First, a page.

But even the widespread adoption of solar power would not put an end to the threat of global warming. The economic transition that our predicament demands is larger and more wrenching even than that. Some scientists have estimated that it would take an immediate 70 percent reduction in fossil fuel burning simply to stabilize climate change at its current planet-melting level. And that reduction is made much harder by the fact that it is needed at just the moment that China and India have begun to burn serious quantities of fossil fuel as their economies grow. Not, of course, American quantities—each of us uses on average eight times the energy that a Chinese citizen does—but relatively serious quantities nonetheless.
Kelly Sims Gallagher, one of the savviest early analysts of climate policy, has devoted the last few years to understanding the Chinese energy transition. Now the director of the Energy Technology Innovation Project at Harvard’s Kennedy School, she has just published a fascinating account of the rise of the Chinese auto industry. Her research makes it clear that neither American industry nor the American government did much of anything to point the Chinese away from our addiction to gas-guzzling technology; indeed, Detroit (and the Europeans and Japanese to a lesser extent) was happy to use decades-old designs and processes. “Even though cleaner alternatives existed in the United States, relatively dirty automotive technologies were transferred to China,” she writes. One result is the smog that is choking Chinese cities; another is the invisible but growing cloud of greenhouse gases, which come from tailpipes but even more from the coal-fired utilities springing up across China. In retrospect, historians are likely to conclude that the biggest environmental failure of the Bush administration was not that it did nothing to reduce the use of fossil fuels in America, but that it did nothing to help or pressure China to transform its own economy at a time when such intervention might have been decisive.
It is precisely this question—how we might radically transform our daily lives—that is addressed by the cheerful proprietors of the WorldChanging Web site in their new book of the same name. This is one of the most professional and interesting Web sites that you could possibly bookmark on your browser; almost every day they describe a new technology or technique for environmentalists. Their book, a compilation of their work over the last few years, is nothing less than The Whole Earth Catalog, that hippie bible, retooled for the iPod generation. There are short features on a thousand cool ideas: slow food, urban farming, hydrogen cars, messenger bags made from recycled truck tarps, pop-apart cell phones, and plyboo (i.e., plywood made from fast-growing bamboo). There are many hundreds of how-to guides (how to etch your own circuit board, how to break in your hybrid car so as to maximize mileage, how to organize a “smart mob” (a brief gathering of strangers in a public place). WorldChanging can tell you whom to text-message from your phone in order to advocate for international debt relief, and how to build an iPod speaker from an old tin of Altoids mints. It’s a compendium of everything a younger generation of environmental activists has to offer: creativity, digital dexterity, networking ability, an Internet-era optimism about the future, and a deep concern about not only green issues but related questions of human rights, poverty, and social justice. The book’s pragmatism is refreshing: “We can do this” is the constant message, and there are enough examples to leave little doubt that sheer cleverness is not what we’re lacking as we approach our uncertain future. “We need, in the next twenty-five years or so, to do something never before done. We need to consciously redesign the entire material basis of our civilization,” Alex Steffen writes in his editor’s introduction.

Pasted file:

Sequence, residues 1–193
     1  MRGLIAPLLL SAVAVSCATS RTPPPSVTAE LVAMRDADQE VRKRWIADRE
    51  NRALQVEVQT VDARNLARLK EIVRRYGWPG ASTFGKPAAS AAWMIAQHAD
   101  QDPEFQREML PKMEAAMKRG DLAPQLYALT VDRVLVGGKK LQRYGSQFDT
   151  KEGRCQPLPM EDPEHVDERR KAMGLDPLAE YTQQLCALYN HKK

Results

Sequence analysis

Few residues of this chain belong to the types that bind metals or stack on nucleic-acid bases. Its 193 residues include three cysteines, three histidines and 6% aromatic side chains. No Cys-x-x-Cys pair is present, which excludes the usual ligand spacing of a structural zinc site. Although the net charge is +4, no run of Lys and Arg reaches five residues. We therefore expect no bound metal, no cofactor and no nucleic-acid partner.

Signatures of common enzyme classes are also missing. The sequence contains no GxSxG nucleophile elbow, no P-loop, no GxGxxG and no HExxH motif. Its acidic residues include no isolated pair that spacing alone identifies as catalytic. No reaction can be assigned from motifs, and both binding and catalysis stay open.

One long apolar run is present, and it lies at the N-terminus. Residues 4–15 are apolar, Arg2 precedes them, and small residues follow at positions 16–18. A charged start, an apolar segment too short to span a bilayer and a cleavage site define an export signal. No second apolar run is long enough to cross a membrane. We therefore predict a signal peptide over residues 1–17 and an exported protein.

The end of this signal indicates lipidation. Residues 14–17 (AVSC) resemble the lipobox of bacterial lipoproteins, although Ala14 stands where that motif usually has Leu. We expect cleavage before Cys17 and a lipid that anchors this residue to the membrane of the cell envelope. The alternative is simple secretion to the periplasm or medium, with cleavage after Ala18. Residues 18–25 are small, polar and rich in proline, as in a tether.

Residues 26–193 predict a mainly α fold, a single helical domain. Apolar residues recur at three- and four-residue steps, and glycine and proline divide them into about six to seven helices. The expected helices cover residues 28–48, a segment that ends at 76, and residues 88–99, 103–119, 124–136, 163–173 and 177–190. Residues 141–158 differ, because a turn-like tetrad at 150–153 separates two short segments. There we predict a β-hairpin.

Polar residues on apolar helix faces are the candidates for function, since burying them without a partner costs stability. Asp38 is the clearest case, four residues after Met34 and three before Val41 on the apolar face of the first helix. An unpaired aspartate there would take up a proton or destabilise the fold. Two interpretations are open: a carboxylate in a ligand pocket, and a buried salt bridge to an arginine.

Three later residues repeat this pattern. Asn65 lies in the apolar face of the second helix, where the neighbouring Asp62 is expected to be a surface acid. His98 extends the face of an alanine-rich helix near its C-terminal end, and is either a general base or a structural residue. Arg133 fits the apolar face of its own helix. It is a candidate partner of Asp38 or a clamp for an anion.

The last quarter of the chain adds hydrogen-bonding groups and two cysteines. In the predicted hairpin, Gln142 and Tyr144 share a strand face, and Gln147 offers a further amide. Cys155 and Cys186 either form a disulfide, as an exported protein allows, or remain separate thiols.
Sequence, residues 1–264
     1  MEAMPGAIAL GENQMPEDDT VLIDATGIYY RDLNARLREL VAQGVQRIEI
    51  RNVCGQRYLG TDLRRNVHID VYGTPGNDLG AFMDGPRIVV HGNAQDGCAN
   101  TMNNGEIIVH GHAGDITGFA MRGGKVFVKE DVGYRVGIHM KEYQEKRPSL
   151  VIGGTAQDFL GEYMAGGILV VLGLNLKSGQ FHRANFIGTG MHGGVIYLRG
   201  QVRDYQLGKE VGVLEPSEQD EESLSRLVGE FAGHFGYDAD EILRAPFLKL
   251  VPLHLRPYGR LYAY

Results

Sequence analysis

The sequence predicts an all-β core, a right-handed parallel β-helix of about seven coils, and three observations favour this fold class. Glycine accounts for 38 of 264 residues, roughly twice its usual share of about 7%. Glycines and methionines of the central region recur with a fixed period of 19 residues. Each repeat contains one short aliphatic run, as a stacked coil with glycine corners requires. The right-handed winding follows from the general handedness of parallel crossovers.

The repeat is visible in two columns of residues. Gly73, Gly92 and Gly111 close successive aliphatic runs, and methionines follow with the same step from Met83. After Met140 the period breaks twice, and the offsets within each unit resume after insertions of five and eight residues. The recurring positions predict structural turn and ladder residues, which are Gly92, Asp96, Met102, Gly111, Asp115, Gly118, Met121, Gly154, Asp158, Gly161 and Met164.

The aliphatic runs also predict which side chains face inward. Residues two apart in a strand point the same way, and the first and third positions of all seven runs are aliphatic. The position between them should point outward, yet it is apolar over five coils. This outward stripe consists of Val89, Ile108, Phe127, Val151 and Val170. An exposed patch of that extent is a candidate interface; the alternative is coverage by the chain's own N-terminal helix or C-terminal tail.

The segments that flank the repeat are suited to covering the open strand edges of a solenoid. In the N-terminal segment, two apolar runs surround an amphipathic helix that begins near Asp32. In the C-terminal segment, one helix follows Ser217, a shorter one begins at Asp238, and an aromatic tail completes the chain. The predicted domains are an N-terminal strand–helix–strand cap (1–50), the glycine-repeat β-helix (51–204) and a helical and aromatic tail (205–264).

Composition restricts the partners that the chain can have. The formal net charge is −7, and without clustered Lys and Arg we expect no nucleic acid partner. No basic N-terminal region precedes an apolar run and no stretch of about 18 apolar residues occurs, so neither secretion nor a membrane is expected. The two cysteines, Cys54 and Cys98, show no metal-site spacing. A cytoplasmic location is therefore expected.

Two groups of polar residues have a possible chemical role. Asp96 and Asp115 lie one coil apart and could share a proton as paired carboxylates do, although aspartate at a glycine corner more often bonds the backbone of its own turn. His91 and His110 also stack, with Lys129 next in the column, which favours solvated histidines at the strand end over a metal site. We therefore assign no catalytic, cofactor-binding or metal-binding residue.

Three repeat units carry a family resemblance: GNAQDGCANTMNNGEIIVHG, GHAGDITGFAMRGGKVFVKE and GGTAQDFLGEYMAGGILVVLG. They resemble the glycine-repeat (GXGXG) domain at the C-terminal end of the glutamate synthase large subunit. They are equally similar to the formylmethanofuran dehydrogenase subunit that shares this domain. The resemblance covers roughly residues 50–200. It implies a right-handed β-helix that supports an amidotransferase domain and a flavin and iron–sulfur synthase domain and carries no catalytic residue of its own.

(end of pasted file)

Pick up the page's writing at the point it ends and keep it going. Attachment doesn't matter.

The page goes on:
If we face an unprecedented planetary crisis, we also find ourselves in a moment of innovation unlike any that has come before…. We live in an era when the number of people working to make the world better is exploding.
If there’s one flaw in the WorldChanging method, I think it might be a general distrust of the idea that government could help make things happen. There’s a Silicon Valley air to the WorldChanging enterprise—over the years it’s been closely connected with Wired magazine, the bible of the digerati and a publication almost as paranoid about government interference and regulation as The Wall Street Journal. Like Internet entrepreneurs, they distrust both government intentions and abilities—bureaucrats tend, after all, to come from the ranks of those neither bold nor smart enough to innovate. A libertarian streak shines through: “When we redesign our personal lives in such a way that we’re doing the right thing and having a hell of a good time,” Steffen writes, “we act as one-person beacons to the idea that green can be bright, that worldchanging can be lifechanging.” I’m sympathetic to this strain of thinking; I believe we’re going to need more local and more nimble decision-making in the future to build strong, survivable communities. But it also makes it a little harder to be as optimistic as you’d like to be when reading these pages, which are filled with good ideas that, chances are, won’t come to all that much without the support of government and a system of incentives for investment.